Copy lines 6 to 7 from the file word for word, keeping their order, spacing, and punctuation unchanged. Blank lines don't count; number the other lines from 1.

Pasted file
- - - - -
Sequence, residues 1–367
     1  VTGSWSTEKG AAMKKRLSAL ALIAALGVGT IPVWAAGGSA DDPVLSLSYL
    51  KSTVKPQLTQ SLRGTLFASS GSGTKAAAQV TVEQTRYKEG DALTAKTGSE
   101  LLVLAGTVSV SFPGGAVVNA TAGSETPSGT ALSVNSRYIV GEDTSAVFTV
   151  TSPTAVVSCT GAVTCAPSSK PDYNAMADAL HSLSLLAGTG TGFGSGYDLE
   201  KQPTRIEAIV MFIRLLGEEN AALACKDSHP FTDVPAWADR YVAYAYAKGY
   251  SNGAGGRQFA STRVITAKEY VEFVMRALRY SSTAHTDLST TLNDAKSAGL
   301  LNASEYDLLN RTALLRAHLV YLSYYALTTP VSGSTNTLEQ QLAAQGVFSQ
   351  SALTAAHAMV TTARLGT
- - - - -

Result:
   201  KQPTRIEAIV MFIRLLGEEN AALACKDSHP FTDVPAWADR YVAYAYAKGY
   251  SNGAGGRQFA STRVITAKEY VEFVMRALRY SSTAHTDLST TLNDAKSAGL